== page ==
Monday, February 13, 2006

Recipe for the Reti

Although I was well aware of its existence and even had a certain detached respect for the bloody opening, before last week I had never run into the Reti over the board. Then along came an opponent who quickly rattled off 1.Nf3 d5 2.c4 and I sat scratching my head. I knew that black could play 2...d4, but that looked horribly committal and 2...dxc4 would likewise lose time and run into a flood of tactics. Deciding that I should swallow my pride and play conservatively, I chose 2...e6 and the game continued 3.g3 Nf6 4.Bg2 Be7 5.b3 c5 6.cxd5 exd5 7.d4 and I was faced with the ugly decision of choosing between a pair of weak hanging pawns - after 7...b6 - or an isolated queen-pawn. I chose the former evil, judging it to be lesser, and promptly found myself in a positional disaster that crashed and burned in about 30 moves. Afterwards I quickly determined that I should have played 6...Nxd5 and veered toward a solid QID type structure, but needless to say, I don't play the Queen's Indian and I was not prepared for this transposition.

So I went home and poured over the pages of the books that I have that cover the Reti, looking over all of the alternative lines. The opening is not exactly mainstream and it really seemed to me that black should have a wealth of good resources, but I didn't find them. Line after line seemed uncomfortable for black, as white consistently reserved his two central pawns for powerful breaks at the optimum moment. I didn't like 1.Nf3 d5 2.c4 dxc4 3.e4 and I was not convinced by the accepted lines stemming from 1.Nf3 d5 2.c4 e6 3.g3 Nf6 4.Bg2 dxc4. It seemed like a lot of pressure to absorb to snatch a pawn that black wouldn't even get to keep.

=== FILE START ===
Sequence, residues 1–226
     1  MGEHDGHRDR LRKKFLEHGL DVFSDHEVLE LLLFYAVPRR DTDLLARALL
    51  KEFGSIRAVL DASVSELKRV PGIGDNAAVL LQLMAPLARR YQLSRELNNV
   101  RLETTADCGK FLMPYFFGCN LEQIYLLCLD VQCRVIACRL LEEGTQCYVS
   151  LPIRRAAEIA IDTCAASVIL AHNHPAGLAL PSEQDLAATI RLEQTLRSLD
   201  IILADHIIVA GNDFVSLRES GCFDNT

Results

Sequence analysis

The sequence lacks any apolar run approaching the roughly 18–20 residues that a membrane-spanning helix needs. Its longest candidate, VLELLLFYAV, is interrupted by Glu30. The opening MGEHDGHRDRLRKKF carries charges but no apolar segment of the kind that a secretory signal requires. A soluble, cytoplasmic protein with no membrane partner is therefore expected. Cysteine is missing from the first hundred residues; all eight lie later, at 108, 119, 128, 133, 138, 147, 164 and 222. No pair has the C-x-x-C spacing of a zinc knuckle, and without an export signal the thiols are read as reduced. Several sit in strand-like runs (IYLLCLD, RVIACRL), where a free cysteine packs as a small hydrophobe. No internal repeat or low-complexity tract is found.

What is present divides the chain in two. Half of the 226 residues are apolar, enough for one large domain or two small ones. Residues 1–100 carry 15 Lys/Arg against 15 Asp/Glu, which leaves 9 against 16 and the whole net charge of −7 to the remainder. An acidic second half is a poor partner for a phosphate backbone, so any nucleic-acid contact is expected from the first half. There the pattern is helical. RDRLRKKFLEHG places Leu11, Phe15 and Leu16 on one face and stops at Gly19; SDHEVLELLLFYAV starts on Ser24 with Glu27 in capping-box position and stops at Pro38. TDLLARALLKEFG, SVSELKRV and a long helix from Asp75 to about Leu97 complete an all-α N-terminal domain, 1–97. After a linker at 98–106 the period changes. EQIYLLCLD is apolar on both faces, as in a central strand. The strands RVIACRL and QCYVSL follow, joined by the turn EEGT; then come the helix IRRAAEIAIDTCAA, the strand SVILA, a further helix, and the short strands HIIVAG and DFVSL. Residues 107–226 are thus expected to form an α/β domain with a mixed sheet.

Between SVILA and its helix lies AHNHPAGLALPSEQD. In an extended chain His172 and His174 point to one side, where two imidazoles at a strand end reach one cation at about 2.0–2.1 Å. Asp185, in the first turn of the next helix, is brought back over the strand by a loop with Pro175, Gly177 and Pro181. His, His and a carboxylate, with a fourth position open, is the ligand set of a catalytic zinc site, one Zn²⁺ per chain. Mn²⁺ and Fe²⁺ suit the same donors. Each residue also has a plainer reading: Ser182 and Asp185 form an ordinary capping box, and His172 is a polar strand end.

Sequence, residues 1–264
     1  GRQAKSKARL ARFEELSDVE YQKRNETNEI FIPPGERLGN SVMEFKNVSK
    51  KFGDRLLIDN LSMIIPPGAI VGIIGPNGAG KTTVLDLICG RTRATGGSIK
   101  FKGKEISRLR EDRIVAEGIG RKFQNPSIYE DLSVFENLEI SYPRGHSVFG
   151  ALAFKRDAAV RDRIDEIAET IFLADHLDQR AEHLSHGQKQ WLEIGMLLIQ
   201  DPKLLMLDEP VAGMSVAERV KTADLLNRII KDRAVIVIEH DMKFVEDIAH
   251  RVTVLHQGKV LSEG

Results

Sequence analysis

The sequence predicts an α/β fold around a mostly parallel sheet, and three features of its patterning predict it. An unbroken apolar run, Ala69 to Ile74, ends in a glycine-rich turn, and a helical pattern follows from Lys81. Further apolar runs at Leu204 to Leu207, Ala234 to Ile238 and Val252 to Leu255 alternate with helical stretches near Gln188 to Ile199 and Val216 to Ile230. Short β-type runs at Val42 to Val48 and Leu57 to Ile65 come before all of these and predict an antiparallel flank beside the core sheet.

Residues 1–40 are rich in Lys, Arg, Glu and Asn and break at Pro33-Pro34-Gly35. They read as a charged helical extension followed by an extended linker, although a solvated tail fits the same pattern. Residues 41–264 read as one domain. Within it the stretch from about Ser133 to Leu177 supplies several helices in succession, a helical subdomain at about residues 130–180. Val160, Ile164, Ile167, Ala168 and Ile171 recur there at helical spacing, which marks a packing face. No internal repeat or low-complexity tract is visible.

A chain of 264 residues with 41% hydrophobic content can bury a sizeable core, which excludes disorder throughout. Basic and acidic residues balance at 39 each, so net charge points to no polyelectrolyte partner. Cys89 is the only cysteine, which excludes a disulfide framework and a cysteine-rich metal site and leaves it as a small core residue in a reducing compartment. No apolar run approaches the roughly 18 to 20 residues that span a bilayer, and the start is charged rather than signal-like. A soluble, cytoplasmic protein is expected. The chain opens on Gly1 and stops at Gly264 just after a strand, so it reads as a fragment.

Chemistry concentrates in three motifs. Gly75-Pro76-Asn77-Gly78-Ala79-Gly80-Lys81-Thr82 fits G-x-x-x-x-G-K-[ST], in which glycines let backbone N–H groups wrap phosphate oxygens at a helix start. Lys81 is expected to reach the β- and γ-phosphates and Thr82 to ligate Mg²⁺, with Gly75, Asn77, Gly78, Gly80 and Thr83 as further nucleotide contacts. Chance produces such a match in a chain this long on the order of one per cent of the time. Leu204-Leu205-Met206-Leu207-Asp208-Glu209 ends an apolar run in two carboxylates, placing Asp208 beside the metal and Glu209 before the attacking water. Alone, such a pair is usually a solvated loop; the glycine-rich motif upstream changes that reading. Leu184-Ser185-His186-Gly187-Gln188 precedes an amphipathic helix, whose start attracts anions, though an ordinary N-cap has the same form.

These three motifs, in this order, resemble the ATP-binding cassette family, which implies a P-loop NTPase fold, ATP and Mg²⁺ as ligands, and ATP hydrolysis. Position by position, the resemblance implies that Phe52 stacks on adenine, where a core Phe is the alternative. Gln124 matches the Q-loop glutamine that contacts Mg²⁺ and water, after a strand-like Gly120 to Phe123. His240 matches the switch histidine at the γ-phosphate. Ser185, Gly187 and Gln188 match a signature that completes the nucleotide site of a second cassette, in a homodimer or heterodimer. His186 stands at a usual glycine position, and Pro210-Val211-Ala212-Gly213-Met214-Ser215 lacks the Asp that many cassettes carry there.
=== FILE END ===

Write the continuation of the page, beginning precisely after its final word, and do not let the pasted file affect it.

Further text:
I kept at it though, tearing through the lines looking for an improvement or an unbalancing line with good practical chances. Then finally it struck me - why not simply force a transposition to an e5 English? How? Well, play Nf6 and then Nc6!? It seemed so weird that it might be dubious, so I checked out chessbase and found that it had been played plenty of times, but almost never by a master... and most of the games were not well executed. The genesis of the idea comes from the Tango lines, 1.d4 Nf6 2.c4 Nc6 3.Nf3 e6 and in fact, this exact position can arise from the Reti move-order after 1.Nf3 Nf6 2.c4 Nc6 3.d4. More probable though, I thought was something like 1.Nf3 Nf6 2.c4 Nc6 3.g3 e5, after which 4.Nc3 Bb4 and 4.d4 e4/exd4 are main lines from the e5 English. These e5 lines are rich with tactics that stem from Sicilian-like lines, perfect for upsetting the equilibrium of a well-seasoned Reti player, but even more importantly, no matter how white replied, the game would quickly leave the pages of mainline Reti theory. I've looked at it and looked at it, run my Fritz checks, and there is nothing wrong with the line, so the only question is - why don't the masters play it?